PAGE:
Where The Four Roads Merge: A Chronological Narrative Of The Four Gospels, by Tony Kessinger
[Note: This book was provided free of charge by Bostick Communications. All thoughts and opinions are my own.]
When reading this book, I could not help thinking of one of the more notable works of early Christendom, namely Tatian’s Diatessaron. I did not think of this merely because I am fond of old and obscure books, although this is certainly true. What led me to think about it is the fact that those who seek to write harmonies of the Gospel, the genre which contains this book, face a choice between two options. Either they can seek to show in parallel all of the relevant Gospel accounts in some kind of chronological order based on the interpretations of the author, where the reader can notice the different details included by different Gospel authors, as is usually the case , or they can seek to combine the different Gospel accounts into a single narrative, as is the case here. Tatian’s Diatessaron was among the most important and most controversial works of the early Syriac Church, and Tatian’s reputation as a heretic is probably what kept this author from mentioning the effort and accounts for his wise caution to the reader for this book to be viewed as a commentary of sorts on the Gospels  rather than a replacement to them. This restraint is wise, and it would have been even better had the author been more restrained in other areas.
This book, which is about 180 pages, is divided into eight chapters after a disclaimer and Trinitarian prologue. The first chapter gives the beginning of the Gospel of Jesus Christ and includes amplified references to what happened during the reigns of the rulers discussed in the genealogy that Matthew provides through Joseph. The second chapter looks at the beginning of the ministry of John the Baptist. The third chapter looks at the teaching ministry and miracles. The fourth chapter gives examples of teaching in Jerusalem. The fifth chapter shows Sabbath teaching and parables. The sixth chapter looks at Jesus’ statements on the road to Jerusalem. The seventh chapter looks at the chronology of the last supper. The eighth and final chapter goes from the Garden to the tomb. Each chapter includes materials under various headings ending with a parallel list of references in rough chronological order so that the reader can see where the author has drawn material from. This is the sort of work that is most appropriate for those churches looking for a handy narrative text in order to assist the writing of a church play from the Gospels and not for those looking for scholarly exegesis.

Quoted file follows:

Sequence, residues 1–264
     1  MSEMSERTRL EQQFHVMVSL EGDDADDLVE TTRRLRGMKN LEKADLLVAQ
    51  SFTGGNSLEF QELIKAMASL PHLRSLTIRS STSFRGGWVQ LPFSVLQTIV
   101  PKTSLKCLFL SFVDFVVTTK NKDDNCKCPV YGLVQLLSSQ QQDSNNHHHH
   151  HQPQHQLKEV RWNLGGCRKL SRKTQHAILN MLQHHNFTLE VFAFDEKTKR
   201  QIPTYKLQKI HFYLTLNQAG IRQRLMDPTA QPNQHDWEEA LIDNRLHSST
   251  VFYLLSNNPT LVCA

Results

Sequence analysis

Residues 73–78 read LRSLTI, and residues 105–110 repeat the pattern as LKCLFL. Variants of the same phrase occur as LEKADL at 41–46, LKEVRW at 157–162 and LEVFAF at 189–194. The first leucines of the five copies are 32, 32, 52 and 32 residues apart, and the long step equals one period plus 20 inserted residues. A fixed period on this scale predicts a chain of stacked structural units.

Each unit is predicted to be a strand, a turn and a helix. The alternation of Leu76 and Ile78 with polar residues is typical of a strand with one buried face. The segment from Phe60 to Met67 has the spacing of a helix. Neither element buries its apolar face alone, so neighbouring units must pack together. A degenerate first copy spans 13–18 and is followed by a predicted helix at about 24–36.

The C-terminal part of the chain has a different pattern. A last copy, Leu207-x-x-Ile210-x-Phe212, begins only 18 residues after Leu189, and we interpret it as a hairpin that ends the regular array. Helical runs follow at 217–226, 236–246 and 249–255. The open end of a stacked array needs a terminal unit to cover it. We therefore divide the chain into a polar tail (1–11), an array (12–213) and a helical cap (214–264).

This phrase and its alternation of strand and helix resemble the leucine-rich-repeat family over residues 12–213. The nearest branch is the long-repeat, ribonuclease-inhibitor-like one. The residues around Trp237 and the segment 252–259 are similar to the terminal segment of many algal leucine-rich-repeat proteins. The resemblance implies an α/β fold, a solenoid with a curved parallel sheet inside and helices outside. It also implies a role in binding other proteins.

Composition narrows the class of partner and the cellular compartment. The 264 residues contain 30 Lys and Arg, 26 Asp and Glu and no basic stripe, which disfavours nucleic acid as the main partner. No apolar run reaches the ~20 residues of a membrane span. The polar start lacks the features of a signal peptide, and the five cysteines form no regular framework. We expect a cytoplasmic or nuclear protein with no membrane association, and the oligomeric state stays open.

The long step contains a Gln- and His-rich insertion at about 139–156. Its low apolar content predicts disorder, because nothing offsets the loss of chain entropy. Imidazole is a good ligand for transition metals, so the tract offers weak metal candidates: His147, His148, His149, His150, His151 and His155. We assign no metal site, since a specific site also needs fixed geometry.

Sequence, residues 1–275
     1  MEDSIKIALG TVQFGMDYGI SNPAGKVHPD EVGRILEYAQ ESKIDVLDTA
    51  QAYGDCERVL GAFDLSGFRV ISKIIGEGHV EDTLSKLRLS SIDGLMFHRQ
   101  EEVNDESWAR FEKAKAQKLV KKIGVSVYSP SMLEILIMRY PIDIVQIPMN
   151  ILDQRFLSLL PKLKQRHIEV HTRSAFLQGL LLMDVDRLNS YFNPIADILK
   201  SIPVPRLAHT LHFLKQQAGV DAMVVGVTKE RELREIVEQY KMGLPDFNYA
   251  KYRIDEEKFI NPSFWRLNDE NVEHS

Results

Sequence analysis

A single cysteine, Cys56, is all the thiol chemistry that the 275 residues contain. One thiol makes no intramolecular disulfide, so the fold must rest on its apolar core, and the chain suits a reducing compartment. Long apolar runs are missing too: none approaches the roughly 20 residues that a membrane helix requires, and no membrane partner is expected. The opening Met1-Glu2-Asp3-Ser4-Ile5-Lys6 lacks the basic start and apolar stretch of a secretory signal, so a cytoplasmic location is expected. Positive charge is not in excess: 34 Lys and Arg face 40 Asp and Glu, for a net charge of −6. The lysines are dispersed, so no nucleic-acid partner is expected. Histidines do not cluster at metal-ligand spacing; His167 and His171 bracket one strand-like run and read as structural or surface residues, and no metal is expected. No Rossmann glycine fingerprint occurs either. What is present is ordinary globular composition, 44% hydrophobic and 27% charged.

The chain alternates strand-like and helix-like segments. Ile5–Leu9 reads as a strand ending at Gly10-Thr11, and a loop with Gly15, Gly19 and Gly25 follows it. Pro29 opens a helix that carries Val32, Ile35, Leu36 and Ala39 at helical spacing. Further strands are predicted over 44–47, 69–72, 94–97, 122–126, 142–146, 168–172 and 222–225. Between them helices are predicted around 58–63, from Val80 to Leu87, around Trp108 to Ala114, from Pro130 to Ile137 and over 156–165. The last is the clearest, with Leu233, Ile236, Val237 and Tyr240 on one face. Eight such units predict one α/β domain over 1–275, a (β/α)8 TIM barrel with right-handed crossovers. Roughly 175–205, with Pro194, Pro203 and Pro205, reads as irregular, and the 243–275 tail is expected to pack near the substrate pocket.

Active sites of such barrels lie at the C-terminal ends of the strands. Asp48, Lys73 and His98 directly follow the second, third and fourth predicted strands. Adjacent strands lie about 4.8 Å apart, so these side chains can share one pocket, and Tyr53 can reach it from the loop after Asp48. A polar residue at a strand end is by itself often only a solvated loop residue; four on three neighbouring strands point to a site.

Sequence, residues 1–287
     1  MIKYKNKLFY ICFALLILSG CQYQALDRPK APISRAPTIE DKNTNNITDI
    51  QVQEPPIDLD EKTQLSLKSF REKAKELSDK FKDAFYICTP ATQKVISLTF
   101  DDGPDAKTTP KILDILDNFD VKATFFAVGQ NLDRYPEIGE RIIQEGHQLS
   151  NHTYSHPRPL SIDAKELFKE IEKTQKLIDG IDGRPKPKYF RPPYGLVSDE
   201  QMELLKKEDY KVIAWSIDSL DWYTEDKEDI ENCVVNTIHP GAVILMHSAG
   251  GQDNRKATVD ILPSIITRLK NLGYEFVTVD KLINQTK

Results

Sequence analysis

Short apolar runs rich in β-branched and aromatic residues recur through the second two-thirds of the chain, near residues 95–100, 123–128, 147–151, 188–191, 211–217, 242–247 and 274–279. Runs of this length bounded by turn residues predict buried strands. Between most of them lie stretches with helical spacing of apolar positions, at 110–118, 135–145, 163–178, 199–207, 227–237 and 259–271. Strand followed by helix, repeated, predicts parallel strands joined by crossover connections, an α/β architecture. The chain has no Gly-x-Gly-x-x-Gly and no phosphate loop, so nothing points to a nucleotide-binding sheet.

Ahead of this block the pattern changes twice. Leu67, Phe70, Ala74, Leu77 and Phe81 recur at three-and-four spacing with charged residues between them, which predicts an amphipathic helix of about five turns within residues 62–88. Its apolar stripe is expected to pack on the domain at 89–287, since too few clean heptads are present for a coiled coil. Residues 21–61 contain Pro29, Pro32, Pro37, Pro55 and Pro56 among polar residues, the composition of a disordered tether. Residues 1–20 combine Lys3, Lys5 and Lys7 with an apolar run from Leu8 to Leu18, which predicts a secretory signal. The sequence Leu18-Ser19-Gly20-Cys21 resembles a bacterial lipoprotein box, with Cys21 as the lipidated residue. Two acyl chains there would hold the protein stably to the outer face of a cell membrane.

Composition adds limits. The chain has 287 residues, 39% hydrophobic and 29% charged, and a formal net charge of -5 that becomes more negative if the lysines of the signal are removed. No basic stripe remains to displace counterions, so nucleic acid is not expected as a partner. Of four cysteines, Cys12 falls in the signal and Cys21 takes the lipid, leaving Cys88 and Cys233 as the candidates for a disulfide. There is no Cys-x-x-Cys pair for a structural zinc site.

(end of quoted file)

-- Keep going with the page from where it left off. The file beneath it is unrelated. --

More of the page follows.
Despite the author’s modesty about this book, there are a few serious criticisms that must be addressed. For one, the author is at his best when discussing material from the Bible out. Unfortunately, far too often the author seeks to amplify the text by adding unbiblical references to the Trinity instead of sticking to the material from John 1, for example, and his chronology is dodgy all the way through, although it is dodgy in the way that many people misunderstand and misinterpret the Gospels. The author, for example, has no clue about three days and three nights and does not realize that the women buying spices for the tomb did so between the First Day of Unleavened Bread and the weekly Sabbath, something that mistaken chronologies about Christ’s time in the grave leave no time for. nor does this exhaust the errors, as the author skips some particularly notable aspects of the Gospels, like the execution of John the Baptist at the instigation of Herodias, and includes numerous mistaken references to years which are likely all wrong. Far too often the narrative flow was interrupted by a realization that the author had smuggled in misguided and mistaken interpretation rather than letting the Bible speak for itself. Even so, this book has some value as an aid to a fluent understanding of the Gospels, so long as one is aware of its elisions and its mistaken glosses.
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